Every fraud begins with a belief. Ask any victim of financial fraud and they will agree. They will tell you how they believed the fraudster was a genuine person. With the rise of financial products and emergence of new payment channels, tricksters too have upped their game. Combining glib phrases and Machiavellian manoeuvres, conmen have devised new ways to take money from you. Here are three new ways they will attempt to trick you and what you can do to escape their deception.

Portfolio Podcast| How to dodge new financial frauds  Portfolio Podcast| How to dodge new financial frauds  
Credit card fee waiver

Outstanding credit cards rose by 14 per cent to 6.9 crore in 2021. Many people living in cities have at least one credit card per household. Credit cards usually charge an annual fee. Most people take cards when they are promised no fee, but the charge returns from the second year. Hence, fraudsters call up gullible people with fake lifetime credit card annual fee waiver offers. Tricksters, claiming to be bank representatives, will call on your mobile phone and claim they can waive off fee since the customer is a valuable one or has been selected following some process. Once they win the trust of the credit card holder, they will disclose the credit card number and name. If you are wondering how they would have got the card details, such information is procured from illegal sources. Once these are confirmed, the conman will claim that the One-Time Password (OTP), sent to the card holder’s mobile phone, is required to register the lifetime card fee waiver request. Once the OTP is procured, the call will be disconnected, saying the fee has been waived off! That is also the last time you will hear from him or her. Pretty soon, the card holder will receive SMSes alerting to debit transactions running into tens of thousands.

Dos and don’ts

Be cautious while responding to calls from strangers claiming to be your bank.

No bank representative will disclose your credit card number. If they do, immediately call credit card customer care and block the card.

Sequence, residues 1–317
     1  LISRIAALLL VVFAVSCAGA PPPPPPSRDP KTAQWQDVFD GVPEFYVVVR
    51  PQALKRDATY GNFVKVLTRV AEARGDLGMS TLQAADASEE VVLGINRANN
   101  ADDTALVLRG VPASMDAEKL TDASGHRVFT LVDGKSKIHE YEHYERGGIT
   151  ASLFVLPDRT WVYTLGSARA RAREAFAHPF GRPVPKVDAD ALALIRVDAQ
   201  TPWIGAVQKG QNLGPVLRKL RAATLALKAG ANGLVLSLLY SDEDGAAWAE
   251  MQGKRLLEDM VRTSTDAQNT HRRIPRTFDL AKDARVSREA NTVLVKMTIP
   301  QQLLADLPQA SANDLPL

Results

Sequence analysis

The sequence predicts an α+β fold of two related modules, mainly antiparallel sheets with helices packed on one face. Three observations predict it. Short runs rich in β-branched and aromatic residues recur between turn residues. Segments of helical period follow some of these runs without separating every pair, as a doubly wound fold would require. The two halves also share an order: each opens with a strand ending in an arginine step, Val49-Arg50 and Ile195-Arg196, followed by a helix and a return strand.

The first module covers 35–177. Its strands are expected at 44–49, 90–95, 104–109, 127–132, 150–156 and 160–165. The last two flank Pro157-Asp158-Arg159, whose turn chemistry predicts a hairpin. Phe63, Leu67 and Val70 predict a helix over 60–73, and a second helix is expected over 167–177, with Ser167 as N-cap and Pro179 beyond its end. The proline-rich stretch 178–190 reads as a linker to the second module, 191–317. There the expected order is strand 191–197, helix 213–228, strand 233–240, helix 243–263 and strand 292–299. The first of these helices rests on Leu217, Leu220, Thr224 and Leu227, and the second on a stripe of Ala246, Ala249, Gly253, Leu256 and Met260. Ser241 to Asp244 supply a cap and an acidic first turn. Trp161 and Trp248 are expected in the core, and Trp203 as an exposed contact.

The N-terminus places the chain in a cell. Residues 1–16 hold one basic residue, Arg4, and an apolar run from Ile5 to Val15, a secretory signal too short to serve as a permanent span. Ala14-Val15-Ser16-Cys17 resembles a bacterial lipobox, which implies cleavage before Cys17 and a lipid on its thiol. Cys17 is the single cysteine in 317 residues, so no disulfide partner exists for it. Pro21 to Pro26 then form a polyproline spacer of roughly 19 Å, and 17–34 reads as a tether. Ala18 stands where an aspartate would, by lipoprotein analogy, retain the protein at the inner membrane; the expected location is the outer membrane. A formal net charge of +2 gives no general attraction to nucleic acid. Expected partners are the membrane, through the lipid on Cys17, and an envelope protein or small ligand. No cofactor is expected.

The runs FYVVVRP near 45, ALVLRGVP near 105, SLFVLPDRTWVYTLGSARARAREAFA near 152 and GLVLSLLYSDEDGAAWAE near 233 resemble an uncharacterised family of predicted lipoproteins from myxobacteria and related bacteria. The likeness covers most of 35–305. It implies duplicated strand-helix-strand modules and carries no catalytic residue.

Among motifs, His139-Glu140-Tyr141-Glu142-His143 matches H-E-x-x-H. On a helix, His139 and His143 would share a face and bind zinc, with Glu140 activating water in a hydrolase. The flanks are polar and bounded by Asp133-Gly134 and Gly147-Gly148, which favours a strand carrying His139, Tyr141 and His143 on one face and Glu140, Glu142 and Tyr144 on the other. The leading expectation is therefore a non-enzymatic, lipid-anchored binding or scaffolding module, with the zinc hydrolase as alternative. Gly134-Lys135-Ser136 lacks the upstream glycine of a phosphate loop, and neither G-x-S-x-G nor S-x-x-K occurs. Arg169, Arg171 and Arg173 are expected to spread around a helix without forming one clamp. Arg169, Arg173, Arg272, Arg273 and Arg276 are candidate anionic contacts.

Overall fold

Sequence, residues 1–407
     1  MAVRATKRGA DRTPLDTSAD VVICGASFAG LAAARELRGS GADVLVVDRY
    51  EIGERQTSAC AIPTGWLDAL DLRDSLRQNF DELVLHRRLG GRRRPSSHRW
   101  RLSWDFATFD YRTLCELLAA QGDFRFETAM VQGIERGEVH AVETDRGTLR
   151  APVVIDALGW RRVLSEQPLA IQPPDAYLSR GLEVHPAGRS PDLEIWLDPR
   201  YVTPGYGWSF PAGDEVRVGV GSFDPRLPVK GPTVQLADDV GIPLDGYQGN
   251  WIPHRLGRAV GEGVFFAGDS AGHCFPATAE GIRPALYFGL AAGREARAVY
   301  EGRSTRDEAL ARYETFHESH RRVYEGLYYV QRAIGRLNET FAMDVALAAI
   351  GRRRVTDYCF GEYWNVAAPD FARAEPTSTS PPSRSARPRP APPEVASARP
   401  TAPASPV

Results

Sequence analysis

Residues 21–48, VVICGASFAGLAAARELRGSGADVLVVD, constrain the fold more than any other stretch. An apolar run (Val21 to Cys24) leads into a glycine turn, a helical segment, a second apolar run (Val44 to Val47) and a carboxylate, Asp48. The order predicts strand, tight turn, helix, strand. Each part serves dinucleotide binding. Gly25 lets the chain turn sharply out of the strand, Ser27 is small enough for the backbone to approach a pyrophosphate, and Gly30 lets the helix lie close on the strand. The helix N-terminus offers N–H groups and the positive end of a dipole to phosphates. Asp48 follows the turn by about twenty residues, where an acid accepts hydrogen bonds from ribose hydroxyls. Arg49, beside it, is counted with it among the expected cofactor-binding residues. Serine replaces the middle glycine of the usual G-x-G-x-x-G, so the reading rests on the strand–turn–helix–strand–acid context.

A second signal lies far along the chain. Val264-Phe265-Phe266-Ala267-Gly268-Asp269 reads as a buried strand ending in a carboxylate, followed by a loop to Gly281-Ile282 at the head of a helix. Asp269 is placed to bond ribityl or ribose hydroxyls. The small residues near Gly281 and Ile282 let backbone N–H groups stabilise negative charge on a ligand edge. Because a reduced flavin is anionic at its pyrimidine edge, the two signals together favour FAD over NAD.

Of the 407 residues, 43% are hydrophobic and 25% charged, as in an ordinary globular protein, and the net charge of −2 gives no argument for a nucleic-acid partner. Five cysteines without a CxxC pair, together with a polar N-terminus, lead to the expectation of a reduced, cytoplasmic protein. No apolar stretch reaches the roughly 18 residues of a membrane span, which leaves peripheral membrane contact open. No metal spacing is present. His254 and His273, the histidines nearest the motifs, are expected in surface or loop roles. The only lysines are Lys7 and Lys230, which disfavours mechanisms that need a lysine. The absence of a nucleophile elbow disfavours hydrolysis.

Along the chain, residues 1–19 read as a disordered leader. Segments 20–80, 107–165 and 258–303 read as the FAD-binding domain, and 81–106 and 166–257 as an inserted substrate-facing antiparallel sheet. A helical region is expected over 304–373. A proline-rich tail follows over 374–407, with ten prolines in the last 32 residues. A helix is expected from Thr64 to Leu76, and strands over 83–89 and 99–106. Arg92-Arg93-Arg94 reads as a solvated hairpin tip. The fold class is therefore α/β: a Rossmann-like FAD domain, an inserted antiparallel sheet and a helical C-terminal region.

Fraudsters can get card details, but transactions can happen only with confidential OTP. Don't share OTP with anyone.

Fake account number scam

The modus operandi of this fraud is based on convincing you that are you doing a legitimate payment. Imagine you are walking down the road and see the roadside stall of a life insurance company. The moment you go and enquire about the insurance plan, the fraudster pretending to be an employee will claim that this stall is for launching a brand-new insurance policy, with a ‘if you transact today, you can get a good discount on the premium’ offer to boot! The offer will be too good to resist with add-ons such as life insurance cover of ₹15 lakh at ₹5,000 annual premium for the whole family. If you say that you want some time to consider, they will offer ₹1,000 on-the-spot discount for instant premium payment. To enable this, the conman will give you full details of a bank account and share an instant receipt as well when you pay the premium. As you will later find out, all details such as employee credentials, receipt or any insurance document will be fake. They will even promise that the original policy will reach your home within two weeks!

Dos and don’ts

Cross-check employee credentials before engaging in any financial transaction with a stranger.

Buy financial products from the company's branch or registered offices, or through verified app/website.

Verify the bank account is registered with the company before making any payment.

Phoney vaccination call

Swindlers design frauds around the latest events. The fake vaccination call is one of them. Pretending to be from the local health centre, they will call unsuspecting people and offer Covid vaccination facility at home. If you say Covid vaccination appointments are done through COWIN app, they will say that home vaccination facility is not on the app. What's more, this will be offered at no extra charge. All that you have to do, according to the scamster, is 'verify' your address, mobile and PAN! Unfortunately, many people fall victim and disclose personal data such as Aadhaar number, PAN etc. Next, the conman will tell them that a registration code, in the form of OTP, will be sent to their phone, which is required for vaccine registration; the OTP will also have to be shared with healthcare officials when they come home to administer the vaccine. After the OTP is shared, the call is disconnected. Within the next few minutes, a legitimate SMS from a bank or NBFC with an approval message for a loan application is received. Many a time, disbursal also happens fast through the UPI channel. Thus, the fake vaccination calls were an elaborate ploy to get innocent people to share their Aadhaar and PAN, and a loan taken on their behalf, making them liable to pay it back.

Dos and don’ts

Don’t share critical personal information such as Aadhaar, PAN, etc with strangers anywhere.

PAN-card based OTP is used for availing various financial services and therefore do not give such info to anybody.

Read the entire SMS containing OTP to understand the true intent. If words like loan application are found in the SMS, stop then and there.